Are you getting ready to rollout a new CRM system, or to onboard some new employees? Here are four rules that will help you use ScreenSteps to improve the success of your training.
ScreenSteps isn’t just a traditional knowledge base - it’s a tool for giving your employees all the information they need to do their job in the context of where they are working. Here are three examples of how we have been using ScreenSteps:
Why do we assume that we need to learn everything? Our brains can only hold and apply so much information.
Do we really want to limit our performance and the performance of our employees to what information we can remember and actually apply? Not if we want our team to reach its full potential.
But what if L&D changed its strategy from trying to teach more information to trying to help employees be successful when they forget?
I teach. A lot.
I teach people that are very interested in what I have to say. And I teach people that don't care at all.
I teach people who are highly motivated to apply the information that I present. And I teach people who like what they hear but can't find the time to get around it actually applying it.
I teach big groups and individuals. I give lectures and I lead discussions. And I have to do it multiple times each week. Here are just a few principles that I have learned over time.
1. You cannot teach someone who is not ready to learn.
I have what we like to call our $40,000 fridge problem. Whoever designed our kitchen (long before we purchased our current house) put the oven so close to the wall that you can only fit a small fridge next to it. The oven is situated such that in order to get a larger fridge we would have to redo the entire kitchen.
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We are happy to announce that starting on Thursday, August 31, 2017 you will now be able to set article viewing permissions on a per article basis.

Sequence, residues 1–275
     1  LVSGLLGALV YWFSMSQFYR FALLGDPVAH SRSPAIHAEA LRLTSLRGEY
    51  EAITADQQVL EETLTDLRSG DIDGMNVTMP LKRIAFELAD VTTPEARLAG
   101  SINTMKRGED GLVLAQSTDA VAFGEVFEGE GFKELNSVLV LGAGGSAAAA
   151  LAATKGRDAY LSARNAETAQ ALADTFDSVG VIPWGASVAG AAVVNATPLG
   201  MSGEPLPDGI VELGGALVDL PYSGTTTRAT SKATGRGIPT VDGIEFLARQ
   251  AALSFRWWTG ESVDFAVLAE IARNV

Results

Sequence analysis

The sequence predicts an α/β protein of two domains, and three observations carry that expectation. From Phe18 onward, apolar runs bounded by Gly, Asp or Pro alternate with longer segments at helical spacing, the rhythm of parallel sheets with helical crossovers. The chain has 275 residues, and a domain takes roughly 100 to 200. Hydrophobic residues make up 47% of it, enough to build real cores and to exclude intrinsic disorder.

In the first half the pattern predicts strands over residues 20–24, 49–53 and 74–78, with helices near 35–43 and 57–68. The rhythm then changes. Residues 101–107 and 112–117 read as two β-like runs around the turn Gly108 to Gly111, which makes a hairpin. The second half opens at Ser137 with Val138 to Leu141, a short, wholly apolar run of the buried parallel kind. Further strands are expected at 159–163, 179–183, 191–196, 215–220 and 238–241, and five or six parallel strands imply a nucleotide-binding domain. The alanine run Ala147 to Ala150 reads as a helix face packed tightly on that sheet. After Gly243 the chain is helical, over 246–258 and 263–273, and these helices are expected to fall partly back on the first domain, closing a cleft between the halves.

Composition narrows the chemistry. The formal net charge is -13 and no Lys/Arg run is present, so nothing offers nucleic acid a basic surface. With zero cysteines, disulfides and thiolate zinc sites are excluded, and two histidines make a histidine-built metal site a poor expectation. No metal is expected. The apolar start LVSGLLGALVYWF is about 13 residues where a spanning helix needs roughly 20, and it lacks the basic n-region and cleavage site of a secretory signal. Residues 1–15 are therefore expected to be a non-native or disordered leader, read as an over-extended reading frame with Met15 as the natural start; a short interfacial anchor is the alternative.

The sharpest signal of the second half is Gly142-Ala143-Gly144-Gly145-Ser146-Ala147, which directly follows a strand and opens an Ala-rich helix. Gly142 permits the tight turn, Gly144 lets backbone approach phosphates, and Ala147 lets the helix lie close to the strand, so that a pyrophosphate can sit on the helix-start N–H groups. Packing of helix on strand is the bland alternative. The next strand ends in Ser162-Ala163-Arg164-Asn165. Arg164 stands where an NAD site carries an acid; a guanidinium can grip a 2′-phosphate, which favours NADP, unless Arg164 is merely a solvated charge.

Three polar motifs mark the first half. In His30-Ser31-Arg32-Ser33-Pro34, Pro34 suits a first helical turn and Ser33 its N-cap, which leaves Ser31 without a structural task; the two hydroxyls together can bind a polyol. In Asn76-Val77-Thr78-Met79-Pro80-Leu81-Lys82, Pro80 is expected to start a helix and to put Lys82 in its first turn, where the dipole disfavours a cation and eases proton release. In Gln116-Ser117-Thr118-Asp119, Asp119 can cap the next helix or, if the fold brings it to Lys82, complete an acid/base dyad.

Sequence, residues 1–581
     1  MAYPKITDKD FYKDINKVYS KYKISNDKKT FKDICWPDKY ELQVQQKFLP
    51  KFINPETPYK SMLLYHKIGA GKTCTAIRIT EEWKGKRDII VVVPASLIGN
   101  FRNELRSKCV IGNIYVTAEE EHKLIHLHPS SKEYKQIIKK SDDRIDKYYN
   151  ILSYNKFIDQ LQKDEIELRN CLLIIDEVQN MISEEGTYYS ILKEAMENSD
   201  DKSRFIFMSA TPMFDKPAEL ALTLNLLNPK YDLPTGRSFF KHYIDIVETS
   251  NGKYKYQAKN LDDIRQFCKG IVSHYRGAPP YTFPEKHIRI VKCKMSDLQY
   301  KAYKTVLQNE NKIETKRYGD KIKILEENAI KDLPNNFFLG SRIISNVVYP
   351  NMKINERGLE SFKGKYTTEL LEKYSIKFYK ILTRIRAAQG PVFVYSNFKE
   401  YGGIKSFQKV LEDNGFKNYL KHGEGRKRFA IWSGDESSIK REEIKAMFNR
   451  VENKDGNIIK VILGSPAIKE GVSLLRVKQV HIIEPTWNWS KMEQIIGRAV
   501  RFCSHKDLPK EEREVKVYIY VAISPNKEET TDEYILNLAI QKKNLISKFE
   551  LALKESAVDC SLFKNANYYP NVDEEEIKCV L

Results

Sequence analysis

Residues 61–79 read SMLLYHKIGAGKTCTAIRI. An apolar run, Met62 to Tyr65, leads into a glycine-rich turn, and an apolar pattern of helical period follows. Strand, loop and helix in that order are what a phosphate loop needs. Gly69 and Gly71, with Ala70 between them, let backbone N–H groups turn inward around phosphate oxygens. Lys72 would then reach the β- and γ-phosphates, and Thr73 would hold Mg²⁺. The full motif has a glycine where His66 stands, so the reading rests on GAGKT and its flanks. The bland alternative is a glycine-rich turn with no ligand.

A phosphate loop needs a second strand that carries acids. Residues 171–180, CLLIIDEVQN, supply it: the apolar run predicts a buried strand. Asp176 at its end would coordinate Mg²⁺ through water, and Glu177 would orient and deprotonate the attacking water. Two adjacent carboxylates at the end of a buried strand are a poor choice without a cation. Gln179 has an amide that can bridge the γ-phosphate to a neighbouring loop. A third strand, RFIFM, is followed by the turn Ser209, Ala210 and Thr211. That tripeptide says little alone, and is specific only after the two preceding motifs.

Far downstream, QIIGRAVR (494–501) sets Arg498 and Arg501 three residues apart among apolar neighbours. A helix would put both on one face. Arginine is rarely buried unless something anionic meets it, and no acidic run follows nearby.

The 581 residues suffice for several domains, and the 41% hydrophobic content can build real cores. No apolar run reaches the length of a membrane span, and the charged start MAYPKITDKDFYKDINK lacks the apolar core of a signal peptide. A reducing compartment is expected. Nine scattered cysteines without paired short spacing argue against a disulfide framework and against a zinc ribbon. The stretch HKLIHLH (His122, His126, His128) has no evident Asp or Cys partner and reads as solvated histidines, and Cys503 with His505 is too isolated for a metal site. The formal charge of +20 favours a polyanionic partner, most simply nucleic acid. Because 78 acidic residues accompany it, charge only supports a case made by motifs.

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If you are building a knowledge base for customer support or for internal training, then it is important to keep in mind what you want the article to accomplish.
In a perfect world you could write one article and use it for training, onboarding and support. And this is the approach that many people take. But it is a big mistake.
When someone needs to be trained, their needs are very different from when she need to be reminded.
The person who is being trained needs to understand concepts, definitions and workflows. The person who just needs a quick reminder only needs a quick step-by-step guide.
Oh, the all powerful PowerPoint Deck. PowerPoint is a part of almost every training event you will deliver or participate in. Whether it be live, a webinar or an e-learning module PowerPoint will probably be involved in some part of the process.
About a year ago, we started grappling with the problem of long articles. Sometimes, a short article just wouldn't cut it--you need a lengthy onboarding guide or a long procedure that has a lot of content. The question became, "how can one best present lengthy content to the end user?"
Because if articles are too long, they force the reader to endlessly scroll down the page. All of that scrolling can be confusing, and readers can quickly lose track of what they are even looking at. So we wanted to fix that.
One option was to split the article up into multiple articles in a manual. This approach would let a reader finish an article, and then hit next. The problem we saw was that, often times, readers would either land in the middle of a lengthy process (from searching a keyword the knowledge base and clicking on an article), or they would get lost somewhere in the process and lose track of where they were.
A step by step guide that gives your customers a clear path to success can really boost your customer onboarding and success efforts. Here are a few tips for providing that clear path.
We talk about rollout training, onboard training, and writing better standard operating procedures
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